Monday, September 12, 2005

Online Phone Services Spur Backlash in China

State Telecom Giant Blocks
Users From PC Calling
Offered by Skype, Others

September 12, 2005

Skype Technologies SA and other Internet-telephony companies could face difficulties in one of their most promising markets, as a Chinese state-owned phone company appears to be moving to bar Chinese users from some of the companies' services.

Skype offers two basic kinds of services: one that enables users to make voice calls from one personal computer to another over the Internet, and a premium service that allows people to call regular phone numbers using their PCs.

It is the second type that appears to be triggering a backlash from China Telecom Corp., the country's dominant fixed-line phone company. Skype doesn't offer the PC-to-phone service, called SkypeOut, directly in China, but some users in China have found ways to use it anyway.

An operator in the technical-support office of China Telecom's subsidiary in the southern city of Shenzhen said yesterday that her company has begun blocking customers from using the PC-to-phone service provided by Skype and others. The woman, whose statement was consistent with Chinese media reports in recent days, declined to be named. It wasn't clear whether similar measures have been taken in other Chinese cities.

Internet phone service is threatening established phone companies around the world. China Telecom may be especially sensitive to such competition because it is already dealing with slowing growth in its main fixed-line phone business, said Duncan Clark, managing director of BDA China, an Internet and telecommunications consultancy in Beijing. China Telecom is "in a very defensive position," he said.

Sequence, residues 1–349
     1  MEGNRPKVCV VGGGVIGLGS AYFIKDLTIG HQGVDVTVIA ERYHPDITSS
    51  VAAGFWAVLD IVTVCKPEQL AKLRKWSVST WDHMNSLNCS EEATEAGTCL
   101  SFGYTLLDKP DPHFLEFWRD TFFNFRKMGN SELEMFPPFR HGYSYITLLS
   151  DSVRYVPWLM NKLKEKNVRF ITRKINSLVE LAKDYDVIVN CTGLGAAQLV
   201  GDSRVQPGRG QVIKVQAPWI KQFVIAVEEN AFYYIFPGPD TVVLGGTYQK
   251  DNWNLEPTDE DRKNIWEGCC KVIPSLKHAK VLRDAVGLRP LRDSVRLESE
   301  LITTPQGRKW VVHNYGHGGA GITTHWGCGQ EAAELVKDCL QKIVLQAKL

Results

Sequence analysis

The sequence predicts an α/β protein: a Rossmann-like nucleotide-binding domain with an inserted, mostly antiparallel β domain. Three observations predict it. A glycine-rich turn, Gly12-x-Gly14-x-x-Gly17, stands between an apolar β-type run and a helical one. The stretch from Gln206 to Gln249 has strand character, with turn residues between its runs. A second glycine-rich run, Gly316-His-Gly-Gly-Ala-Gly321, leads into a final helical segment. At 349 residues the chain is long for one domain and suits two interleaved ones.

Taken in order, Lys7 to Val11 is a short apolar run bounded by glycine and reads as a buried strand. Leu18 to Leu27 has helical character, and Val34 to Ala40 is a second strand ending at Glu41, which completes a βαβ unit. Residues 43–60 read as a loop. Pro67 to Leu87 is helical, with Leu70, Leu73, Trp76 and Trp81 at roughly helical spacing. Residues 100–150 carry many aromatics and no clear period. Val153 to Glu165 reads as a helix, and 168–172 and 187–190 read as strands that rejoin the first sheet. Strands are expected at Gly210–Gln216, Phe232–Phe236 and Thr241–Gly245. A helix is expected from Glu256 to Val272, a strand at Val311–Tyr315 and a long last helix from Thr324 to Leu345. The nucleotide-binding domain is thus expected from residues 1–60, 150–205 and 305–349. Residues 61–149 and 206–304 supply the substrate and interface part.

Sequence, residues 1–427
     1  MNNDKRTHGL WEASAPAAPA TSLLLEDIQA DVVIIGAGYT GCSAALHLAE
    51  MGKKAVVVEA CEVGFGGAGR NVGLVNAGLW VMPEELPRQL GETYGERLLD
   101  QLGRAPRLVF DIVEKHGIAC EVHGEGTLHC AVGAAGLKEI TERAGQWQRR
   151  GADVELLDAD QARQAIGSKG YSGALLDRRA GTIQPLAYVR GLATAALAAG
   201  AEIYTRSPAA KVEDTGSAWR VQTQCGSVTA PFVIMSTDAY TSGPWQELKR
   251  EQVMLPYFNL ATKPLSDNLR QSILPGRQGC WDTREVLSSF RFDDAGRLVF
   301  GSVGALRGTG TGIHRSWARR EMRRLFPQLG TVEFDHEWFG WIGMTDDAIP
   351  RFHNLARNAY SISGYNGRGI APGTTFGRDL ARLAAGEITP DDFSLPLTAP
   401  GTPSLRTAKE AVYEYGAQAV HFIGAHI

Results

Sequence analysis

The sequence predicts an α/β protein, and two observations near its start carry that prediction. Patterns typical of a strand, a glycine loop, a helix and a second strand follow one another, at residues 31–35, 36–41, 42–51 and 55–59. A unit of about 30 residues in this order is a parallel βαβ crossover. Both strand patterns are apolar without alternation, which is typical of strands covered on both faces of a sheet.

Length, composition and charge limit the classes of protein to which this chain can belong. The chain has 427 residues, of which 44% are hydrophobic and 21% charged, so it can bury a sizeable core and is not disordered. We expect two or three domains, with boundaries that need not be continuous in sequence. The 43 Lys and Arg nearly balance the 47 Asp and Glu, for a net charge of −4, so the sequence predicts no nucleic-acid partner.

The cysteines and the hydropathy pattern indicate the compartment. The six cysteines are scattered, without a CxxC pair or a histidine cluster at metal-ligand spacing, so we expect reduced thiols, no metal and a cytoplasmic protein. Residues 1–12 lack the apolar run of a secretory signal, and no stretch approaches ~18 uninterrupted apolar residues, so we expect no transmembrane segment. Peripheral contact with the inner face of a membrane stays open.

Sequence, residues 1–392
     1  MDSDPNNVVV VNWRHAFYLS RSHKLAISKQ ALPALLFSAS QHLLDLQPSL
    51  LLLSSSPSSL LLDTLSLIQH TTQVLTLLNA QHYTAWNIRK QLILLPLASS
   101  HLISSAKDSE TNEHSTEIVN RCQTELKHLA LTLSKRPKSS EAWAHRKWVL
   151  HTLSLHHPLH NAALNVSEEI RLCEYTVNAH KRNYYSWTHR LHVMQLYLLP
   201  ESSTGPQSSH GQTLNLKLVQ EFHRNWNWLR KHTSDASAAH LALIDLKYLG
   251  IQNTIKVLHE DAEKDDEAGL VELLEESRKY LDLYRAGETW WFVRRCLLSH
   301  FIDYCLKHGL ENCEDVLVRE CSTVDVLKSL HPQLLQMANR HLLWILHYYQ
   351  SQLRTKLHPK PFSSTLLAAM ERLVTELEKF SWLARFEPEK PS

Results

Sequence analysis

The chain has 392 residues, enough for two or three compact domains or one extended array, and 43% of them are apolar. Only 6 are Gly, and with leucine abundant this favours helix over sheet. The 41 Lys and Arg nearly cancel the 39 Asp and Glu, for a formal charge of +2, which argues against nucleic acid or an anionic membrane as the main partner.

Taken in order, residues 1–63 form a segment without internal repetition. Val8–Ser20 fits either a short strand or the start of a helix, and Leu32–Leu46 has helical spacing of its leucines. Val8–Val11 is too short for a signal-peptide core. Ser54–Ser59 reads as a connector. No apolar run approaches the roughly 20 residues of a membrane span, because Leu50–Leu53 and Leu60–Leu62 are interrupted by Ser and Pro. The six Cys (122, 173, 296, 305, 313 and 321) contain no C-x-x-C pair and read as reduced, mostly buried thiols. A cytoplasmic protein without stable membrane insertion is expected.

Spokesmen for China Telecom couldn't be reached for comment. Hannah McCree, a spokeswoman for Luxembourg-based Skype, said the report of a China Telecom crackdown on Skype "sounds like a rumor and we don't comment on rumors."

Skype says it has 3.1 million registered users in China, making the country one of its top three markets. It began cooperating last November with Chinese Internet concern Tom Online Inc. to provide a Chinese version of Skype's software. Earlier this month, the two companies announced they were expanding their relationship into a joint venture. The existing relationship doesn't include SkypeOut, though the joint venture, according to a Sept. 5 news release, is expected to develop unspecified "premium services" in China.

Chinese government regulations classify Internet telephony as "basic telecommunications" businesses, which its rules dictate can be offered only by China's six major telecom carriers. The operator in China Telecom's Shenzhen office said the company's policy was implemented because Internet phone service has "disturbed the telecom market order." She said customers who violate the policy have their service cut off and can't have it restored unless they sign a pledge not to use it again."

A Tom Online official said his company wasn't aware of any disruption to the PC-to-PC service it offers with Skype in China. The official said Tom Online has been in discussions with Chinese telecom operators about providing Skype but that no deals have been reached.

On its Web site,, it says SkypeOut isn't allowed in mainland China. But it also notes that anyone with an international credit card can buy points from Skype's Web site. Chinese media have reported that many Chinese have downloaded the SkypeOut software from overseas Web sites.


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